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Andrew C. McCarthy: What Americans Need to Know About the Encryption Debate

In the surveillance area, I believe the public is mostly wrong.

Andrew C. McCarthy writes: Should private companies that provide users with encryption technology be required to assist law-enforcement and intelligence services to defeat that technology? This question is a more pressing one in the wake of November’s Paris terrorist attacks. But it is a very tough question that has vexed both the government and providers of communications services for years.

“The problem is that encryption technology has gotten very tough to crack and very widely available. Consequently, if terrorists or other high-level criminals are using it to carry out schemes that endanger the public, government agents cannot penetrate the communications in real time.”

Part of what makes it so difficult is the new facts of life. As I noted during the debate over the NSA’s bulk-collection of telephone metadata, we are operating in a political environment that is night-and-day different from the aftermath of 9/11. Back then, a frightened public was demanding that the government do a better job of collecting intelligence and thwarting terrorist plots. Of course that sentiment was driven by the mass-murder of nearly 3,000 Americans, coupled with the destruction of the World Trade Center and a strike against the Pentagon. But it also owed in no small measure to the fact that government had done such an incompetent job gathering and “connecting the dots” prior to the attacks. There was a strong public sense that intelligence agencies needed an injection of muscle.

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“That they have a legal basis to conduct surveillance is beside the point; all the probable cause in the world won’t help an agent who lacks the know-how to access what he’s been authorized to search.”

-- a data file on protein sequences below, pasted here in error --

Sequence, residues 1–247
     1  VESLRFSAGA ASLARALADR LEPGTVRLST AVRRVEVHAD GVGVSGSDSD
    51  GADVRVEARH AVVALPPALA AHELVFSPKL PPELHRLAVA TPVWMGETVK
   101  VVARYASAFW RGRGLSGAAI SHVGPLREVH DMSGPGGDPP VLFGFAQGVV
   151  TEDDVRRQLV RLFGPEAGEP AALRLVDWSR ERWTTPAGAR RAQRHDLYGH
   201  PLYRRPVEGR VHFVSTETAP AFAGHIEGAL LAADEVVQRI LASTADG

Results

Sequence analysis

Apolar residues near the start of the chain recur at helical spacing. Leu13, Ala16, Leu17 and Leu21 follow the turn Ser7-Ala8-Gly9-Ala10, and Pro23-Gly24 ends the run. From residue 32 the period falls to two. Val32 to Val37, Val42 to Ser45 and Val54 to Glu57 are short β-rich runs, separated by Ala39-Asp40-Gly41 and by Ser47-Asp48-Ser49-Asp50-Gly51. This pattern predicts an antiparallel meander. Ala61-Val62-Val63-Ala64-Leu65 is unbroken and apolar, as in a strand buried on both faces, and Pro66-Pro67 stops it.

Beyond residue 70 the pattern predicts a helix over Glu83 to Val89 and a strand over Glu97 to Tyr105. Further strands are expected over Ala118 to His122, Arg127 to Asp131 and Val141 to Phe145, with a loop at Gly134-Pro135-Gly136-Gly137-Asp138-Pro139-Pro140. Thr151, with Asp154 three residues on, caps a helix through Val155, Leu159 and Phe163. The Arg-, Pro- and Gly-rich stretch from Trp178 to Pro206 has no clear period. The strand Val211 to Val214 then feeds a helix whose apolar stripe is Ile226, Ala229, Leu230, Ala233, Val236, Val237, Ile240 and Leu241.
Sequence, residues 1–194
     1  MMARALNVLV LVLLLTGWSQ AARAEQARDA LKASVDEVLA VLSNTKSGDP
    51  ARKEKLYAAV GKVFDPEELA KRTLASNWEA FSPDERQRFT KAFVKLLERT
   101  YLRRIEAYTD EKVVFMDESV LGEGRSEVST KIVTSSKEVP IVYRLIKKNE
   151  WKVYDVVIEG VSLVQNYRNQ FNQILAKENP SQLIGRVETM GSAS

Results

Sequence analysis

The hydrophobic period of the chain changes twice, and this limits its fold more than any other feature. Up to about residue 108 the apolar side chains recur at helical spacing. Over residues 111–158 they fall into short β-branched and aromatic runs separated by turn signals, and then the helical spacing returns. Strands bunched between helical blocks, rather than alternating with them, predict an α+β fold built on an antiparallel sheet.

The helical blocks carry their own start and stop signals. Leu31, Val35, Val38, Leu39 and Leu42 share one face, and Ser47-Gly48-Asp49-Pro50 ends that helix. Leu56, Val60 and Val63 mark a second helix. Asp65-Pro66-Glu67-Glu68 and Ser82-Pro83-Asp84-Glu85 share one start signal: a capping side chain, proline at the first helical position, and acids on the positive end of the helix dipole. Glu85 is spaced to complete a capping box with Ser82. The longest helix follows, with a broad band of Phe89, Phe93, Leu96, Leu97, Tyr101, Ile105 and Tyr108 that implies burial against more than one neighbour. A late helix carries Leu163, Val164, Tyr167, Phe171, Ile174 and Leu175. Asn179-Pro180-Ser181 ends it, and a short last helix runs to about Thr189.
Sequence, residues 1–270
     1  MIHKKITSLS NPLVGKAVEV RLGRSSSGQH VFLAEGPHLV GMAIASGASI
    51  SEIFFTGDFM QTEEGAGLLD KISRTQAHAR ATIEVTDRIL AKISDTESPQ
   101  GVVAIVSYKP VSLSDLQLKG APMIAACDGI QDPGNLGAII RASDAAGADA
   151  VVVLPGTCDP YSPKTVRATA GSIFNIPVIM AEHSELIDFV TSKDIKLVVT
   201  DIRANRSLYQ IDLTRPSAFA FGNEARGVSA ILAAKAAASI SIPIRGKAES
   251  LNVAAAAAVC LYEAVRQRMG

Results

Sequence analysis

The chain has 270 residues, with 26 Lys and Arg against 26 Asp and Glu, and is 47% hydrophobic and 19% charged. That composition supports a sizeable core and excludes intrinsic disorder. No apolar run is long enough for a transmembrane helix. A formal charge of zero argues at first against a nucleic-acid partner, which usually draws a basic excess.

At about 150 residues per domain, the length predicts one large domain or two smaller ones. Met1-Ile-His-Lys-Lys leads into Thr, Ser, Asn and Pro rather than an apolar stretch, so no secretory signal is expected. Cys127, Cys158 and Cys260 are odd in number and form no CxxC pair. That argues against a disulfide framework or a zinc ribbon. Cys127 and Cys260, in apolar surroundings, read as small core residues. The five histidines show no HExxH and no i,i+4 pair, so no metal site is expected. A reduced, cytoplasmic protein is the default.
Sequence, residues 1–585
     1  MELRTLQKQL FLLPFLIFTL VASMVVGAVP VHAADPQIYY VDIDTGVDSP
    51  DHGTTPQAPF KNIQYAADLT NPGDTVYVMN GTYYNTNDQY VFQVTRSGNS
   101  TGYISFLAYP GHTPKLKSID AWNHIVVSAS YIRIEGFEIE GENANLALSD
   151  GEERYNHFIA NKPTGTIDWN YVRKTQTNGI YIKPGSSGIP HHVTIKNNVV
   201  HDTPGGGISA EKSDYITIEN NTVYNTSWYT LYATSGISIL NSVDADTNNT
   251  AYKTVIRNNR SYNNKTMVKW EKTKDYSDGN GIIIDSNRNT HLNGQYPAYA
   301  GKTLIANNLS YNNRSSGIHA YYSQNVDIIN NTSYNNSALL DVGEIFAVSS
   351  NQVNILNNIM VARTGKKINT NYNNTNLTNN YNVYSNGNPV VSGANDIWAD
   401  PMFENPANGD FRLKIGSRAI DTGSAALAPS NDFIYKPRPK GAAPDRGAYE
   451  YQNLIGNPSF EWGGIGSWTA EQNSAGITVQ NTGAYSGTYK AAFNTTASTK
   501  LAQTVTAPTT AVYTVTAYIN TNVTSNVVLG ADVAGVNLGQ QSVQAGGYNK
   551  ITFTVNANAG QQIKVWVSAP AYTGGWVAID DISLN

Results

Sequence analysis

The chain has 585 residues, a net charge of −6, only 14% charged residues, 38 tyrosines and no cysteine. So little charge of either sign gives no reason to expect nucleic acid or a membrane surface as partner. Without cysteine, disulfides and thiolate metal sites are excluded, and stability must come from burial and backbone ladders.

Today, the public’s sense tends in the other direction. There have been spectacular abuses of government power (e.g., IRS scandal), and intrusive security precautions infused by political correctness (e.g., airport searches). Americans understandably suspect that government cannot be trusted with enhanced authorities and that many of its tactics are more about the appearance of security than real security.

[Read the full story here, at PJ Media]

It is, moreover, no longer sufficient for the national-security right to posit that security measures pass legal muster. The public wants proof that these measures actually and meaningfully improve our security, regardless of whether they are justifiable as a matter of law.

This makes it a very uphill environment in which to suggest, as FBI Director Jim Comey has recently done, that communications providers should provide the government with keys to unlocking their encryption technology – encryption-key repositories or what is often called “backdoor” access.

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The problem is that encryption technology has gotten very tough to crack and very widely available. Consequently, if terrorists or other high-level criminals are using it to carry out schemes that endanger the public, government agents cannot penetrate the communications in real time. That they have a legal basis to conduct surveillance is beside the point; all the probable cause in the world won’t help an agent who lacks the know-how to access what he’s been authorized to search. Read the rest of this entry »

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Andrew C. McCarthy: Why National-Security Republicans Lost the Patriot Act Debate

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Read it here, at National Review Online

 


[VIDEO] Senator Rand Paul Begins His Remarks on Patriot Act and NSA Surveillance

 


Official NSA Telephone Manners Guide

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